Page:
The Top 10 and Bottom 10 Real Estate Markets by Days on the Market

There are many items that should go on the checklist of every real estate investor. One has to consider not only details of the home itself but, almost more importantly, the market in which the home is located. It’s important to weigh the investment price with the potential return on that investment, and that includes items such as purchase price, amount of money invested into the home for improvements, the amount of time spent improving the home and the potential final sale price of the home.

What many real estate investors who are flipping homes may not consider, though, is how long the home may sit on the market after they make the improvements, and the hard costs and opportunity costs associated with that.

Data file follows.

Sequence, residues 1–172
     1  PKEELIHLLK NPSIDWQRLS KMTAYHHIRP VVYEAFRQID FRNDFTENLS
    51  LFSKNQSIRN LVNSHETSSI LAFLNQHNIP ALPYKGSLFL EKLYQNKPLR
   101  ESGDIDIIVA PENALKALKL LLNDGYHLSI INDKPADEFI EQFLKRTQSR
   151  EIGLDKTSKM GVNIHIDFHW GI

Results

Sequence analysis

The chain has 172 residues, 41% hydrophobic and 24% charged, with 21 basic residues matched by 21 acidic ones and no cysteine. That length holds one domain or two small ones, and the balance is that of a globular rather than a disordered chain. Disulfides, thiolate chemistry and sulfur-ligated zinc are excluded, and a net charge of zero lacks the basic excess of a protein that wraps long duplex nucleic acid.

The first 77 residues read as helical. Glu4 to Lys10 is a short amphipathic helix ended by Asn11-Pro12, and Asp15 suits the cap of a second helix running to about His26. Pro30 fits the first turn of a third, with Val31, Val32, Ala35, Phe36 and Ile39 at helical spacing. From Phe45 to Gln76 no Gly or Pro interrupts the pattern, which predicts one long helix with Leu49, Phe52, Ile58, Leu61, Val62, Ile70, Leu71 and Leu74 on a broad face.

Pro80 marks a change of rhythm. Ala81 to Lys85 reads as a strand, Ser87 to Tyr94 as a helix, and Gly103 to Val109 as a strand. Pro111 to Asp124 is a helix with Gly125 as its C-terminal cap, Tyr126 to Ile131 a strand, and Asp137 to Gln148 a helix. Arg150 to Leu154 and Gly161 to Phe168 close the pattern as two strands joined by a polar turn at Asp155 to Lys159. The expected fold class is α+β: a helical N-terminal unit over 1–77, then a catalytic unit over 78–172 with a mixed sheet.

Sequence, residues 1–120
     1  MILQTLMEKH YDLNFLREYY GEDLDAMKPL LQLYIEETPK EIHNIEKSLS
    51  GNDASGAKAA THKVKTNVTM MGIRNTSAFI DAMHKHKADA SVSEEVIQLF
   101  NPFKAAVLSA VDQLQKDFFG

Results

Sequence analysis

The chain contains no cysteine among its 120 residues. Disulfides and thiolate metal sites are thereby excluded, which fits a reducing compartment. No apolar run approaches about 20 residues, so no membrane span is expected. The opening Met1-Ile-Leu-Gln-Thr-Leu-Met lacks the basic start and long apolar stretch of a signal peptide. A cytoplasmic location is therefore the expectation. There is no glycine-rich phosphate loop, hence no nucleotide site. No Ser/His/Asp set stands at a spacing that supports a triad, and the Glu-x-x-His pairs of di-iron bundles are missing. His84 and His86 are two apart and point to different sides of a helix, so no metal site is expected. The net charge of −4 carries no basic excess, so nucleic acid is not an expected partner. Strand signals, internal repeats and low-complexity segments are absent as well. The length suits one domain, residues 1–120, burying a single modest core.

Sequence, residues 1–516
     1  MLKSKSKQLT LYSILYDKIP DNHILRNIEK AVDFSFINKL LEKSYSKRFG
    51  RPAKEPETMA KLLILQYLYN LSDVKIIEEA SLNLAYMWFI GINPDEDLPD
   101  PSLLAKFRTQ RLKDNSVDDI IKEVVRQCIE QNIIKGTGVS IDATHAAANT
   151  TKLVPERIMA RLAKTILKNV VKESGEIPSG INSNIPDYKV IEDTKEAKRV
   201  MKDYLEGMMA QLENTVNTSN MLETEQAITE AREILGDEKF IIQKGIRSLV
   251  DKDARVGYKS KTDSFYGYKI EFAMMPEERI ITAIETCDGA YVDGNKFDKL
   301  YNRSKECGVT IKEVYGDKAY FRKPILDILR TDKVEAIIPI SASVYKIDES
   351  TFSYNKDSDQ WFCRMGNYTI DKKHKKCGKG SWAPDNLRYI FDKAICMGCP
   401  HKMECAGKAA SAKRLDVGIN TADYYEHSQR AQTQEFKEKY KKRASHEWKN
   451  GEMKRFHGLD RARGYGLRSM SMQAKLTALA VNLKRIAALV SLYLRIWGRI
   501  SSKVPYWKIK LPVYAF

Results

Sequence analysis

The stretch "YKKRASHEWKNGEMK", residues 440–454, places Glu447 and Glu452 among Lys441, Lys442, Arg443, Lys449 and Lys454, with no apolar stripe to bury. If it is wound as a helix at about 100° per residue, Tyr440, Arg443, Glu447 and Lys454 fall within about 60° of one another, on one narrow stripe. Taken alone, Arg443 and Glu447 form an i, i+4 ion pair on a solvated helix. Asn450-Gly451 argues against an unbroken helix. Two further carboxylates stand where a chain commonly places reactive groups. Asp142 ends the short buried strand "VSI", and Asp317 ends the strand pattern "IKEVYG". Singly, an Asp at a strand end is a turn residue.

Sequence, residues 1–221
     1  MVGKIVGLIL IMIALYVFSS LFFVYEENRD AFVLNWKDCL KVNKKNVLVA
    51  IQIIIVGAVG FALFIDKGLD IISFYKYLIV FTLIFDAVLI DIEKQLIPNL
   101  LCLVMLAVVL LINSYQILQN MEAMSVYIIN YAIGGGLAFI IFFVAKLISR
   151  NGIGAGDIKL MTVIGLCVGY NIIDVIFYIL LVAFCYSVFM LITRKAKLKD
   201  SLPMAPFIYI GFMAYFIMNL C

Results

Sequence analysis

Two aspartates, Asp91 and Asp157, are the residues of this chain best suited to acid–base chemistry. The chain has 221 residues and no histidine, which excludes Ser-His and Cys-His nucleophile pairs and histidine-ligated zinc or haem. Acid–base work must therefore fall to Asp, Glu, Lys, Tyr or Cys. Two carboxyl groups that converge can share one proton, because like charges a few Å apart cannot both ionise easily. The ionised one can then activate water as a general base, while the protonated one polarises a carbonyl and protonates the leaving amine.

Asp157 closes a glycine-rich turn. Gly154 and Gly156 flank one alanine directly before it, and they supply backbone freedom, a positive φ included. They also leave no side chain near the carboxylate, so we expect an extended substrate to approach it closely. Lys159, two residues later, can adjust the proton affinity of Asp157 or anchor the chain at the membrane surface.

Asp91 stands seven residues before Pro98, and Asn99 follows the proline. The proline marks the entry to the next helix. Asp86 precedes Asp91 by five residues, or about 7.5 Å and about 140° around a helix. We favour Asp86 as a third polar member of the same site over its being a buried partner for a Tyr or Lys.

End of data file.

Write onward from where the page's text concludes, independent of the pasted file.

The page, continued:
Ideally, real estate investors want to limit the total amount of time that is spent between when they purchase the home and when they sell it again to someone else. The total flip-time is not only dependent on how long it takes to do the actual improvements to the home, but also how long the home sits on the market once it has been listed for sale.

Real estate investors looking for opportunities for a great return on investment when flipping homes should take into consideration the average number of days a home sits on the market in a particular region. Listed below are the top 10, and bottom 10, places in the country, ranked by the number of days on the market. Each region has at least 1,000 listings, and the total listings are as of October 2018.

 

Top 10 Places with the Lowest Days on Market